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George Washington is the head writer at Washington’s Blog. A busy professional and former adjunct professor, George’s insatiable curiousity causes him to write on a wide variety of topics, including economics, finance, the environment and politics. For further details, ask Keith Alexander…


  1. Ricardo

    Seems really dumb in hindsight to put spent fuel above the reactors, but I think it just shows the hubris (or cheapness and/or greed and/or complete disregard for human life) of the companies responsible for the design/operation of the reactors.

    Supposedly Obama recently secured loans for the Japanese company that owns the Fukushima nuclear plants to build nuclear plants in Texas. Yeehaw!

  2. Ricardo

    I’m not sure if this is the blog for it, but it would be interesting to see a discussion of what energy sources are viable for the future. Here’s what I see as a layperson:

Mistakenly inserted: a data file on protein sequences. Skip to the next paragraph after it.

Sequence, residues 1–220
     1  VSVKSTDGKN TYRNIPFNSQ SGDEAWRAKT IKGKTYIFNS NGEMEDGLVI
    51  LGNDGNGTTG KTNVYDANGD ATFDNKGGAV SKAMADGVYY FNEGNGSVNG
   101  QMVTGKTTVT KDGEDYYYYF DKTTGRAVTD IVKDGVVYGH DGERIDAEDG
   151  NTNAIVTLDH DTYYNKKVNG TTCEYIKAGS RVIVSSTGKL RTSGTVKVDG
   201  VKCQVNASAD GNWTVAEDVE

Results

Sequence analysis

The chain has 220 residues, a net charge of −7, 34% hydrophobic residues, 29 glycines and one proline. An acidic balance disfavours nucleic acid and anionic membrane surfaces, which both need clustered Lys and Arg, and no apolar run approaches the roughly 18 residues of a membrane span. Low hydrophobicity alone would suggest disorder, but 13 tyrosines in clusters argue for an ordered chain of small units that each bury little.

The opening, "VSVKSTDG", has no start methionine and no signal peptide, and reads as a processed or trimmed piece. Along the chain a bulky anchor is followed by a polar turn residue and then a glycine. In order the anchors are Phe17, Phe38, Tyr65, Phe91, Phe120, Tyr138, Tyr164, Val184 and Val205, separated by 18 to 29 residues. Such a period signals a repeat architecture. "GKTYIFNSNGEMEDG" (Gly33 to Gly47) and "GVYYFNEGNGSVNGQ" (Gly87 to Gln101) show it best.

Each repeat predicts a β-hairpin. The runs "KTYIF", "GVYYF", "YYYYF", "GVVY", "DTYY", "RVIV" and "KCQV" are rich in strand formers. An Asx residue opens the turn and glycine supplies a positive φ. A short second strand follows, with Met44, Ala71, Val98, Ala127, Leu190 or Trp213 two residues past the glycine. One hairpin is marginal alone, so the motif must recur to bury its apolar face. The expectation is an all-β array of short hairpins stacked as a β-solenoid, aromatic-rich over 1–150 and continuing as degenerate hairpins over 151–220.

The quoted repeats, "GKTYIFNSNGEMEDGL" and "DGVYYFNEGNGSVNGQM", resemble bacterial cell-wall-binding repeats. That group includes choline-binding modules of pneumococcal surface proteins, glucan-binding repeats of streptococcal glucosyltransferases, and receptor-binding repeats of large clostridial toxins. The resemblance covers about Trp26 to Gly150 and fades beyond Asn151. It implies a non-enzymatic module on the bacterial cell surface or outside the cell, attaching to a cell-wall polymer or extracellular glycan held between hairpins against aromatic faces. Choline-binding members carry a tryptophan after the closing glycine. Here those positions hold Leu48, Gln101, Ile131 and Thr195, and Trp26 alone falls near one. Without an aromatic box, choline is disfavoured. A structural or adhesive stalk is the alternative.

Nuclear – potential for extremely long-lived mega-disasters; where to store all the spent fuel?; can newer designs solve these issues?

    Natural Gas – Seems to be the popular choice of DC power brokers, but can it be extracted safely (fracking)?; burning for energy is generally considered cleaner than other sources, correct?; Cars/trucks would need to be retrofitted to use

    Oil – Major sources in geopolitically unstable areas; offshore drilling can lead to major disasters (see Gulf of Mexico); burning for energy dirtier than NG, correct?; Cars/trucks can use as-is

    Solar – How big of a percentage of total energy source can this become?; Would love to see massive subsidies from government; Any trouble procuring material for panels?; Cars/trucks need to be electric to access